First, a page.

As a member of a community, and an heir to a culture, whose joint worth is now in dispute, I would discover what ideas, if those of the West be inadequate, can with greater advantage be found to guide the world.

It’s a far cry from Vasco da Gama’s motives for exploration – one recent book about him is simply called Holy War. Byron continues:

And to this end, I would also know, in the language of my own senses, in whom and what the world consists. […] it is only from the sum of isolated journeys that even the shadow of an answer to [these questions] can ever be expected.

Byron knows that most of us are unlikely to gain much insight from our travels – his cynicism fuelled by being an adolescent in the first world war, and witnessing as an adult the slide into the second. But he has hope. To those who say that travel is pointless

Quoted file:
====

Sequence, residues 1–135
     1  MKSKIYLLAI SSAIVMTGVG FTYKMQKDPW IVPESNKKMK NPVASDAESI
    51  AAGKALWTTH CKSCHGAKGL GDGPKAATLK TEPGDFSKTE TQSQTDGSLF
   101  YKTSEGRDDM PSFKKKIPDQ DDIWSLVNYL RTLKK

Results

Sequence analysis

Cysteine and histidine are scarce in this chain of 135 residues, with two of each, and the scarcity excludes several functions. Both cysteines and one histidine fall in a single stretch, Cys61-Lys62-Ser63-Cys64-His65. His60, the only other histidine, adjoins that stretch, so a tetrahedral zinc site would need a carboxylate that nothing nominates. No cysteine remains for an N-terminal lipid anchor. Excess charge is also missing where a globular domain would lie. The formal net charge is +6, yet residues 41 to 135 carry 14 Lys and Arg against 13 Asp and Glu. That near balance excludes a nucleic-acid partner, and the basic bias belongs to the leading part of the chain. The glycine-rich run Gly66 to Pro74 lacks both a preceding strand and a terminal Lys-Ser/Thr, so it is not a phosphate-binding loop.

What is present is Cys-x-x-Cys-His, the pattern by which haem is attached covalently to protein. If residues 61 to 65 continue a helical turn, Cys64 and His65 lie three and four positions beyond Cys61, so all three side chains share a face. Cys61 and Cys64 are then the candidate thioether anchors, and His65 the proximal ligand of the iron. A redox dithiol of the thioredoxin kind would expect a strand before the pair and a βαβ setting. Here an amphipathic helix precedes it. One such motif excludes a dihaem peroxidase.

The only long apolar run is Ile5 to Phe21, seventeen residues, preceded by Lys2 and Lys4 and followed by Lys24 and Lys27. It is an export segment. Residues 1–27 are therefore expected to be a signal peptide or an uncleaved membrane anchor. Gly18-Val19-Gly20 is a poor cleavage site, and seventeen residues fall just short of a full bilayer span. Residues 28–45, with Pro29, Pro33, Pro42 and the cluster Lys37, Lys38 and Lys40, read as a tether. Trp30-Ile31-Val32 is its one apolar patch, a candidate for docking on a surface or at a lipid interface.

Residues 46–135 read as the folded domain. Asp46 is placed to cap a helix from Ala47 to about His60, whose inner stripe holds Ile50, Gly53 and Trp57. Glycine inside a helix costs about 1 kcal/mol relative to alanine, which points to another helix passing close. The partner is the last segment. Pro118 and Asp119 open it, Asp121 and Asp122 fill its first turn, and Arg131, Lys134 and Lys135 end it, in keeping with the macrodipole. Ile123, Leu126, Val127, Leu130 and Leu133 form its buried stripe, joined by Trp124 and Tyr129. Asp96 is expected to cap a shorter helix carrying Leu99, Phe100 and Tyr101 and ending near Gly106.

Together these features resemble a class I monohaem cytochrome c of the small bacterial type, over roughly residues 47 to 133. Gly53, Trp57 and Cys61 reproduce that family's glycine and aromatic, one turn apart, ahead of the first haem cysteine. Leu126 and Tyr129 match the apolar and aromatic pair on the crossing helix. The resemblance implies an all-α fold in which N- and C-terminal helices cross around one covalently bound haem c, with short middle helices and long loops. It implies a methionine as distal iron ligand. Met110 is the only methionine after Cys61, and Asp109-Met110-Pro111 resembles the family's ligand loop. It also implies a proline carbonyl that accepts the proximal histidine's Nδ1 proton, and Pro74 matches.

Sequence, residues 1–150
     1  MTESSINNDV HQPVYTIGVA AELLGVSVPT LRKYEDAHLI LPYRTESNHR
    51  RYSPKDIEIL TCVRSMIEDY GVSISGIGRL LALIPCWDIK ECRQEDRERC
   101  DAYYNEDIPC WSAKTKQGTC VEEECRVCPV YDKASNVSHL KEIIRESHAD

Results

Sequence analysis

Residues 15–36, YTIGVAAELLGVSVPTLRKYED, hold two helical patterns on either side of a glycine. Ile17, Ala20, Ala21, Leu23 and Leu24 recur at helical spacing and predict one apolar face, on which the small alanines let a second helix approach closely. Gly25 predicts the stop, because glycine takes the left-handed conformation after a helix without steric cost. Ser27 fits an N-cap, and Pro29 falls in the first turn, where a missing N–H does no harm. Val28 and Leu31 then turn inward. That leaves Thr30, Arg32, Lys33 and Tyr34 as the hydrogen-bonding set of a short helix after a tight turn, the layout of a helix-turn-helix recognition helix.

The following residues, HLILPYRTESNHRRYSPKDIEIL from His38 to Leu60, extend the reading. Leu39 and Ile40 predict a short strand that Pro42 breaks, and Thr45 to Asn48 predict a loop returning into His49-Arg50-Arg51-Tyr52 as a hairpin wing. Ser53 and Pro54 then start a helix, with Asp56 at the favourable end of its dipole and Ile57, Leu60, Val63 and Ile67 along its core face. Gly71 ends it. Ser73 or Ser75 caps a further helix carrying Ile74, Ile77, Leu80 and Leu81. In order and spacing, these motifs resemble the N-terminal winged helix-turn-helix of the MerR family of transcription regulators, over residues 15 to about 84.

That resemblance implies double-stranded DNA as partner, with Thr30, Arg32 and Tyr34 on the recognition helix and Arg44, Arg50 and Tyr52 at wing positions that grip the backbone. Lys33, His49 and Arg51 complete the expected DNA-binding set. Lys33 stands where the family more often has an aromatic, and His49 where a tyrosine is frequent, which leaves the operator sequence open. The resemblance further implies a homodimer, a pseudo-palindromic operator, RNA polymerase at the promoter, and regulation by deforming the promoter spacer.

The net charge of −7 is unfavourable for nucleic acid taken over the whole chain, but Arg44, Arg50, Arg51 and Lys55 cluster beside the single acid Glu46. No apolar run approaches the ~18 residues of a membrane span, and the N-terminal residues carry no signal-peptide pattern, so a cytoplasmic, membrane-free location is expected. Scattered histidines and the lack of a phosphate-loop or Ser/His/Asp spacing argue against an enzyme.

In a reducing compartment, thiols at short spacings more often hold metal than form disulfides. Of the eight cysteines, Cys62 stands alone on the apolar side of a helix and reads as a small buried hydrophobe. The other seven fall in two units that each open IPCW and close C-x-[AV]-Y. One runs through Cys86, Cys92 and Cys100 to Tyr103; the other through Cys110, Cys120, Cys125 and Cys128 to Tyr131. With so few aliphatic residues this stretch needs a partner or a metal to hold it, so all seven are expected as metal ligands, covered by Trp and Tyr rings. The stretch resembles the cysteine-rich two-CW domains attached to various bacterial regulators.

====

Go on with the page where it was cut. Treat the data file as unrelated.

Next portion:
the traveller can only reply that at least he desires to know more and more about more and more.

And he also knows that travel is not all about gaining profound insights and stopping wars – it’s about travelling with your friend on ancient roads – although they are new to you – in a beat up old car with that all-important crate of whisky at your side. Inspirational.

Somewhere else

This is an unashamed and gratuitous trainfest of a post, although I will start by noting the significance of trains to the lives of Fanny Mendelssohn Hensel and Clara Wieck Schumann – and the way in which their experiences illustrate the phenomenal pace of change in the period. Hensel was born in 1805, Wieck only fourteen years later, in 1819.

In 1834, Fanny Hensel can write to her brother, Felix Mendelssohn, with amazement that there might be a new railroad project that could take a person to Dusseldorf in 4 hours‘. Her husband, Wilhelm, travelling in England in 1838, witnessed, excitedly, not only the coronation of Queen Victoria, but also the opening of the Great Western Railway (‘the most complete railroad’) on 4 June. Within a few years, the Hensels are regularly travelling (admittedly fairly short distances) by train, most, if not all of the wonder, gone.